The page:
With the epic failure of Paul Ryan’s healthcare reform bill in the House , can the GOP get it together enough to pass tax reform? The editors of The Wall Street Journal write that prospects for a tax bill have gotten much harder.
President Trump campaigned on breaking Washington gridlock, increasing economic growth and lifting American incomes. The health collapse undermines those pledges. The legislative failure is obvious, but less appreciated is that House Speaker Paul Ryan’s reform included a pro-growth tax cut and major improvements in work incentives. The 3.8-percentage-point cut in taxes on capital income would have been a substantial increase in after-tax return on investment, nearly half of the eight-point cut in the capital-gains tax rate that helped propel growth after 1997.
Now that’s dead, and so is the replacement for the especially high marginal-tax-rate cliff built into ObamaCare’s subsidies. These steep tax cliffs as subsidies phase out are a major hindrance to work, as University of Chicago economist Casey Mulligan has shown. The Ryan bill would have been a significant boost to economic growth and labor participation. The critique that it would not have helped “Trump voters” was willfully false coming from the left and uninformed on the right.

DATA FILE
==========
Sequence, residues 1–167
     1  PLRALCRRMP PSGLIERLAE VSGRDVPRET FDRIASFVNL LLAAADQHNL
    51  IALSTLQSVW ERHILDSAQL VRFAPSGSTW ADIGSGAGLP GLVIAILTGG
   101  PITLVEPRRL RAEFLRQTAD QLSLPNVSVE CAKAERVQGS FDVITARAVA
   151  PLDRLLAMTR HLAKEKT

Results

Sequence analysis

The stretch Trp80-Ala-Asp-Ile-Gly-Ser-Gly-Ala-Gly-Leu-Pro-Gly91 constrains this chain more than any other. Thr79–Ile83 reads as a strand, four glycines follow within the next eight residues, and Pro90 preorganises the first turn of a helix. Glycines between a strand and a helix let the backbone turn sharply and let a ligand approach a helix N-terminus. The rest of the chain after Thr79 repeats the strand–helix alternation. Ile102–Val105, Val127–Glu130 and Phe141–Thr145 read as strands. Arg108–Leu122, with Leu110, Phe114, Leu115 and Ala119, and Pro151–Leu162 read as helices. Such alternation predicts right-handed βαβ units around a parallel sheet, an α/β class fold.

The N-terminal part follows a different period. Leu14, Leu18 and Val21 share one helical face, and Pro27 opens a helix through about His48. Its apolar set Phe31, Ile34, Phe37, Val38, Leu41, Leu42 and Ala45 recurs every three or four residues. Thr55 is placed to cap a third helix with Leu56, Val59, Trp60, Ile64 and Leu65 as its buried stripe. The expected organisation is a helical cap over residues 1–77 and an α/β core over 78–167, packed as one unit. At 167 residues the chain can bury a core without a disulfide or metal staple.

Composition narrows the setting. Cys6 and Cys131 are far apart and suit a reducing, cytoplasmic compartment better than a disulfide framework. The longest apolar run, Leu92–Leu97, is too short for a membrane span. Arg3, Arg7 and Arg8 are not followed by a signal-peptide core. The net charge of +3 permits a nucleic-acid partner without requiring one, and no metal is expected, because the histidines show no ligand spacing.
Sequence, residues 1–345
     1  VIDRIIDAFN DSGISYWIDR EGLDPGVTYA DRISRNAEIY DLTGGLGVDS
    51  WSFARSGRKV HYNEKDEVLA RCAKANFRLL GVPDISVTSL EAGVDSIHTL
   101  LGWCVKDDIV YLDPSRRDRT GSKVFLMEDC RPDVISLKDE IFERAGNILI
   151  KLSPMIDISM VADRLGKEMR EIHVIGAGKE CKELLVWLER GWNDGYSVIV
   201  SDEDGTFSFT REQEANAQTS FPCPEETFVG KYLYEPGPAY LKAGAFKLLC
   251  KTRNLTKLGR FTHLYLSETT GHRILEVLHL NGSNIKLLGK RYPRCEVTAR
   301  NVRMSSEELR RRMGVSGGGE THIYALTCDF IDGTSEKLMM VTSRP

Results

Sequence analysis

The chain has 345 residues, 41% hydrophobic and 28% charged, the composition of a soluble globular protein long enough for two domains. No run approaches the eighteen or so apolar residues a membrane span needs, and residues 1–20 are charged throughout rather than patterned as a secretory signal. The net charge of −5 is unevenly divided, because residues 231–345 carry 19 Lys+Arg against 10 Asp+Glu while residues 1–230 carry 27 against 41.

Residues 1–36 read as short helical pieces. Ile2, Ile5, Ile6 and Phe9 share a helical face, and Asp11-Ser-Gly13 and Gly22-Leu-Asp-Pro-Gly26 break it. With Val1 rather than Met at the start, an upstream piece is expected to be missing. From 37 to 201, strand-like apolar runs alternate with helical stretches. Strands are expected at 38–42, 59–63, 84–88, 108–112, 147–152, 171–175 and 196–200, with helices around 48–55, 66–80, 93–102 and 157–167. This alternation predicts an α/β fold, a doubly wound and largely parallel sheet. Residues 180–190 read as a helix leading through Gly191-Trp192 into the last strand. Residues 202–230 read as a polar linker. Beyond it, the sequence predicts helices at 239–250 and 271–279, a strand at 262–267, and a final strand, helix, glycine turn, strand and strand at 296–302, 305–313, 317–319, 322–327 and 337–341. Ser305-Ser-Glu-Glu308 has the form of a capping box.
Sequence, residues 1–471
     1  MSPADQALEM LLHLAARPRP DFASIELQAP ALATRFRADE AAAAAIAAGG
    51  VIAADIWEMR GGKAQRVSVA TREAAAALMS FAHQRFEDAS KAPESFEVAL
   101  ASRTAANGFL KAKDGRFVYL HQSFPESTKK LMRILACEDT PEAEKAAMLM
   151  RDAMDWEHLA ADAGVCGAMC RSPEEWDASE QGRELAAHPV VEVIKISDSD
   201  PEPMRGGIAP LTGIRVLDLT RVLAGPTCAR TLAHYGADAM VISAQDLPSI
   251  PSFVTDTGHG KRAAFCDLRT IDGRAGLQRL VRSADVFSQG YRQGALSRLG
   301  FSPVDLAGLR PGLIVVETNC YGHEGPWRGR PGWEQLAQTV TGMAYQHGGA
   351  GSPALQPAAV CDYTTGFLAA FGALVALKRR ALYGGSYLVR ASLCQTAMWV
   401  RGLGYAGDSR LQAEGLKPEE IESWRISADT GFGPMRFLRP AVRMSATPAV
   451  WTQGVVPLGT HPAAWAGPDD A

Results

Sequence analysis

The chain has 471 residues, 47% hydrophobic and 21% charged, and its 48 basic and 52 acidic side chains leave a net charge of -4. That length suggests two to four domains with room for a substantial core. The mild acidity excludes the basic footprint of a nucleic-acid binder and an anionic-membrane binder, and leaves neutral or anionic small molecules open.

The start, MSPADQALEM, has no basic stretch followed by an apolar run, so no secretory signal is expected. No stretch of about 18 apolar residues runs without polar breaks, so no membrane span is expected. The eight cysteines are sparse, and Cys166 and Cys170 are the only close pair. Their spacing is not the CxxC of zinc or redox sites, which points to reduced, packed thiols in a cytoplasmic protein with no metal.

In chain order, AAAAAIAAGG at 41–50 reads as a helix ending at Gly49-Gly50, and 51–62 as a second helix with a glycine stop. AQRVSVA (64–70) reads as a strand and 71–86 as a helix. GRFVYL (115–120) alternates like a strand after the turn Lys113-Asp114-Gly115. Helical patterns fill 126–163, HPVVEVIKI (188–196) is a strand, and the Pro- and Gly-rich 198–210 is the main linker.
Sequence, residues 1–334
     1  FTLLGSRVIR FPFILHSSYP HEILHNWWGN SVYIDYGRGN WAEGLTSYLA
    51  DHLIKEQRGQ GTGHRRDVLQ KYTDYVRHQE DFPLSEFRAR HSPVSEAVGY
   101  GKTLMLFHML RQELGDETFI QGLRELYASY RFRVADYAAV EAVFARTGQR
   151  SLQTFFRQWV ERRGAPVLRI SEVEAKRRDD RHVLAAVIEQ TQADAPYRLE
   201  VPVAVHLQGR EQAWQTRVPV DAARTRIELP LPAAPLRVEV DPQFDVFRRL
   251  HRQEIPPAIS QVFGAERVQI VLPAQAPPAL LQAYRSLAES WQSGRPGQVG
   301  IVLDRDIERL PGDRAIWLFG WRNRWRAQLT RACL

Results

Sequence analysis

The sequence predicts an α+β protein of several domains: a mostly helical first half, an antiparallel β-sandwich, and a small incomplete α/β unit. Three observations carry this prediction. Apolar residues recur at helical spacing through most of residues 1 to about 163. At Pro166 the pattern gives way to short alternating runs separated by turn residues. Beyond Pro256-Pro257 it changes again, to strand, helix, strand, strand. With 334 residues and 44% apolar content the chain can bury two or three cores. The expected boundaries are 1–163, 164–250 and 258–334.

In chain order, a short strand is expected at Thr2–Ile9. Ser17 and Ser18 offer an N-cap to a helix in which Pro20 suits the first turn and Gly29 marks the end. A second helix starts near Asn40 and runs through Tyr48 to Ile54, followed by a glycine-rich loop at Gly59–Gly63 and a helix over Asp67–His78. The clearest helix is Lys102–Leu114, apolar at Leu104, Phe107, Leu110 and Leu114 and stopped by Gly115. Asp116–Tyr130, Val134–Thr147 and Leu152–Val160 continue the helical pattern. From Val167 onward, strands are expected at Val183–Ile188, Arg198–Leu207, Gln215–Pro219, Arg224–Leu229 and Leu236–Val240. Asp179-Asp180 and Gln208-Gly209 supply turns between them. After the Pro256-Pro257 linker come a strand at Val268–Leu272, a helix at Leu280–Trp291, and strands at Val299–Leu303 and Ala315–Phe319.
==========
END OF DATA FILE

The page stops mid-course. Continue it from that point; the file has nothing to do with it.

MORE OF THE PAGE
This lost opportunity now makes tax reform even more important as a growth driver, but the health-reform failure also hurt tax reform in another major way. The Ryan bill would have reduced the budget baseline for tax reform by some $1 trillion over 10 years. This means that suddenly Republicans will have to find $1 trillion more in loopholes to close or taxes to raise if they want their reduction in tax rates to be budget neutral.
That means picking more fights with industries that fear they’ll be tax-reform losers. Take the irony of Senator Tom Cotton of Arkansas. He trashed the House health bill far and wide, but he also represents Wal-Mart, which hates the House GOP’s border-adjustment tax proposal that would raise some $1 trillion in revenue to pay for lower tax rates. By helping to kill the Ryan health bill, Mr. Cotton has now killed $1 trillion in tax and spending cuts that would have made it easier to pass a tax reform without the border-adjustment fee. We look forward to seeing the Senator’s revenue substitute.
Read more here.